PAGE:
|Before you purchase an electric violin you should decide what type best suites your needs. After all, you would not buy a vehicle such as a truck when you really needed a minivan.
The common element that most electric violins predominantly share is they all use transducer pickups utilizing vibrations from direct contact. Attempts with electromagnetic pickups and condenser microphones have been made but none were successful.
Electric Violins are divided into two basic groups both dealing with the construction of the body. The first group I will refer to as a solid body. Now there will be variations but the principle is the same. Solid bodies by my definition do not enclose air. The second group hollow bodies and acoustic instruments enclose air. Unless you value a particular design over performance, the hollow body would be the best choice. Keep in mind that a solid body electric violin whether made of wood, Plexiglas, aluminum or what have you, the choice concerning the placement of the transducer or transducers can only be done on the bridge. This gives you no diversity for pickup sounds. Most electric guitars have more than one pickup to give a variety of sound. So why should an electric violin be any different? Two major problems with a solid body violin vary between no body artistically to look at or a weight that hinders the player. All the straps and inventive gadgets will not make up the difference. So the only other option is a hollow body acoustic or semi acoustic violin. With a hollow body, you can place transducers in several locations using different techniques attaching pickups and wiring components giving you a diverse sound array just like an electric guitar.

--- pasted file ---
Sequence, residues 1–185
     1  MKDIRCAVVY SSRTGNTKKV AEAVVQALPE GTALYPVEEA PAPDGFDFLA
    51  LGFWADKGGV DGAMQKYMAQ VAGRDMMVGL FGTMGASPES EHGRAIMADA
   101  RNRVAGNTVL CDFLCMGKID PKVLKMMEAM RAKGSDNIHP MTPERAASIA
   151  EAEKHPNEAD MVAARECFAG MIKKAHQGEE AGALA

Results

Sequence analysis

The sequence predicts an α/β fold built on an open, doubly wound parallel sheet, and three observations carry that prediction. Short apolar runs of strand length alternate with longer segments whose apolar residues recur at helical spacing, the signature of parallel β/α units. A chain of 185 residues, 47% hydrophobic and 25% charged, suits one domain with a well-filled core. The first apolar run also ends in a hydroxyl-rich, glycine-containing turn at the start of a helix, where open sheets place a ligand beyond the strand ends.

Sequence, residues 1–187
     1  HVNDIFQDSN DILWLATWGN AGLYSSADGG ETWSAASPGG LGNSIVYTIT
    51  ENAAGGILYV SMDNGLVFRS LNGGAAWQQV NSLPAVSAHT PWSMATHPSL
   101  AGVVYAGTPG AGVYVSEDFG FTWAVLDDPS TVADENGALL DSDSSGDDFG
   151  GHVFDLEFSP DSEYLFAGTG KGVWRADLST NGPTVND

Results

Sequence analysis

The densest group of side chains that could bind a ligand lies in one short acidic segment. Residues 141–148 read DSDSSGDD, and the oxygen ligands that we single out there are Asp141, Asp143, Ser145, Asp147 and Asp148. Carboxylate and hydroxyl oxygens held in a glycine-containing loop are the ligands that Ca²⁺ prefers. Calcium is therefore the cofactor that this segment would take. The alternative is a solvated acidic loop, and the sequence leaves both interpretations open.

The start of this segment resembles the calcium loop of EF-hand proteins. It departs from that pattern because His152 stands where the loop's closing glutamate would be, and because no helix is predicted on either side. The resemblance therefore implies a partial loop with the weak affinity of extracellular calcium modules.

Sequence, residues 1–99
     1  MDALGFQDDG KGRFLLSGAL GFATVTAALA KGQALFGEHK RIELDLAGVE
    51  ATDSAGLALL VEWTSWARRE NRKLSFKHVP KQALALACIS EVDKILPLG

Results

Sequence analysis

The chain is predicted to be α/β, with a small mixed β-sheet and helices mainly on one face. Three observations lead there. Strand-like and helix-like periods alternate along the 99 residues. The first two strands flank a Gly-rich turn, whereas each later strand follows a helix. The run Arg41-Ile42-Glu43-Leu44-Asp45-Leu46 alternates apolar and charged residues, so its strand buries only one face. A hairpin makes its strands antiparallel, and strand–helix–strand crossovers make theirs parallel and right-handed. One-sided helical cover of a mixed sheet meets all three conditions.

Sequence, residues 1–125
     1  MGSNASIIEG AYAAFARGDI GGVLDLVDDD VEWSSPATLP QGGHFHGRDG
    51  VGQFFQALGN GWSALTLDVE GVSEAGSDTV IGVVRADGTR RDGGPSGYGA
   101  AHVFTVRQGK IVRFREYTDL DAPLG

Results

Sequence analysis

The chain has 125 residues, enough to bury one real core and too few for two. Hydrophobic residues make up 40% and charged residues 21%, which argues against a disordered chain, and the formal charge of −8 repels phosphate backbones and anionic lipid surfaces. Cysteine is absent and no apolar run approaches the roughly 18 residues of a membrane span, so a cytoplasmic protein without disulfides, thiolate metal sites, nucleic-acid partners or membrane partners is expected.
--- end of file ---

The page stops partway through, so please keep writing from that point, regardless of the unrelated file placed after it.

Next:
With a hollow body electric violin, you should enjoy the lightweight, artistic design and practical element for technical skills that are normally used by a violinist. For electric violins and helpful aids, we recommend